Caroline Kwawu Sida grantee
Computational chemist Caroline Kwawu, of Kwame Nkrumah University of Science and Technology in Ghana, interacting with students during a weekly group meeting. (Photo provided)

"Agricultural waste, or biomass, is a free, or at least very cheap starting material suitable for conversion into green energy," explained Caroline Kwawu of Kwame Nkrumah University of Science and Technology in Ghana. Within the TWAS-Sida collaborative project, she is in charge of carrying out the computational analyses needed to proceed with the chemical synthesis.

"Under certain experimental conditions, the cellulose of the plant residues undergoes modifications and turns into a spongy material. By mixing this new product with metals we then build new types of electrodes," she said. Electrodes are devices that conduct electricity. They are used in many energy storage devices, including car batteries and household appliances.

"The TWAS-Sida project is environmentally friendly because we do not use chemicals to convert biomass into a porous substrate, just water," said Balla Diop Ngom of University Cheikh Anta Diop in Dakar, Senegal. "In addition, the whole process takes as little as 24 hours to fabricate an electrode, starting from material that is naturally abundant and freely available such as peanut shell waste or cocoa pod husk.”

At present, Kwawu and Ngom's project is focused on obtaining prototype electrodes tailor-made for different applications. But when the process is well-refined, they will move on to looking for interested companies to scale up their product.

Impactful grants

Before obtaining the collaborative grant, both Kwawu and Ngom already received funding from TWAS. Kwawu is a recipient of a grant for individual scientists, which she used to study new materials to store energy.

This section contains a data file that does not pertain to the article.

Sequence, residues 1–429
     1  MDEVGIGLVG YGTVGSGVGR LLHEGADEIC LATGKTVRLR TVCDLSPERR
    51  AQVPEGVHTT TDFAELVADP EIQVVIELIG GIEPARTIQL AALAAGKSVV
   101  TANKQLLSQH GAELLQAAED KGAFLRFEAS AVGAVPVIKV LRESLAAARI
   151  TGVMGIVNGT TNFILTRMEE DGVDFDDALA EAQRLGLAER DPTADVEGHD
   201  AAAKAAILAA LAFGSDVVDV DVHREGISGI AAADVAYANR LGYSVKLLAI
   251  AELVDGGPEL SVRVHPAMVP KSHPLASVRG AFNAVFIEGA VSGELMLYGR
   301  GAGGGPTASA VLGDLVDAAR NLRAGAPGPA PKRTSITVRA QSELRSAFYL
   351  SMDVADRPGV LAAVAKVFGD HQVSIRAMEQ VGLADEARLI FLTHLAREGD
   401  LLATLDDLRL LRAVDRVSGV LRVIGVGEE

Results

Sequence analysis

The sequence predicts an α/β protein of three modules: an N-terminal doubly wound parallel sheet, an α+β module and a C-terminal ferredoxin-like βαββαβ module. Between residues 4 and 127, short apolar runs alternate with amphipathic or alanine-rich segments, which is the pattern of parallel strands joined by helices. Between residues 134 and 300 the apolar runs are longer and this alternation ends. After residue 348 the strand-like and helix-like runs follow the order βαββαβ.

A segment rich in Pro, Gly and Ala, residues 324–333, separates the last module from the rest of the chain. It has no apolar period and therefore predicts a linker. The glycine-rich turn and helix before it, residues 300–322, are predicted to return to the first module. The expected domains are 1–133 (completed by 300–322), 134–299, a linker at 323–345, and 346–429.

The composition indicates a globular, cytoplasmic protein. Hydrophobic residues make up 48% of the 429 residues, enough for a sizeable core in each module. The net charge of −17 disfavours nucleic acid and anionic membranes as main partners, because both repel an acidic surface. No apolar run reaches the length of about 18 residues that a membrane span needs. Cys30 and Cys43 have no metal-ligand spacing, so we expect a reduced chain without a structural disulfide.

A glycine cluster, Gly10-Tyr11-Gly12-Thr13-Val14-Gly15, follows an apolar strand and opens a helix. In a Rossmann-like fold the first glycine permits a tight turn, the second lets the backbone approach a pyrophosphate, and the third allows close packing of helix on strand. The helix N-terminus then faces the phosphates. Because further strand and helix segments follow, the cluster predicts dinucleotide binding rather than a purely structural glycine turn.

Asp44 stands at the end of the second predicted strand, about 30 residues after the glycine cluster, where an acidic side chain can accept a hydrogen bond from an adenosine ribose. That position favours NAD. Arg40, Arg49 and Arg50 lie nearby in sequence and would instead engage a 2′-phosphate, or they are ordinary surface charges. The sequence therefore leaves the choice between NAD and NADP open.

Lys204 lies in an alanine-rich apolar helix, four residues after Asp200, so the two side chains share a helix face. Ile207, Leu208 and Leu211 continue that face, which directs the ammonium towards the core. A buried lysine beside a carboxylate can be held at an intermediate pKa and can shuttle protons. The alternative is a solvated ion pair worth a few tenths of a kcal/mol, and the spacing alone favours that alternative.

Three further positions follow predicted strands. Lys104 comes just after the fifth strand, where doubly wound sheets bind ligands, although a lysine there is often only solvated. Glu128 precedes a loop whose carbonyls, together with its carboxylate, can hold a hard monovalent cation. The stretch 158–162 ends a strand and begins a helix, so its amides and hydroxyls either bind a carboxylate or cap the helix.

"The first TWAS-Sida grant helped me build stronger research capacity, supporting the start of my career," she acknowledged, thinking of when she had neither research equipment nor access to supercomputing facilities. Today, she supervises four master's students and 15 undergraduate students, and has ongoing collaborations with UK, US, Sri Lanka, and Senegal.

"My first TWAS-Sida grant was fundamental for building my first laboratory, and opening new career perspectives," Ngom said. Today, he added, his laboratory is a point of reference in Senegal for studies about new materials for energy storage, and attracts collaborations from South Africa, US, UK, Canada, Ghana and Italy.

The vacuum filter and the consumables that he purchased through the TWAS-Sida grant now support the work of one research assistant, five postdoctoral students, five master’s students, and 11 PhD students.

Kwawu and Ngom are confident that, in the longer term, their research will also contribute to SDG 1 on eradicating poverty, and SDG 13 on climate action. Their electrodes represent a low-cost output from agricultural residues that would otherwise be discarded, and have the potential to mitigate the greenhouse gases production.

Cristina Serra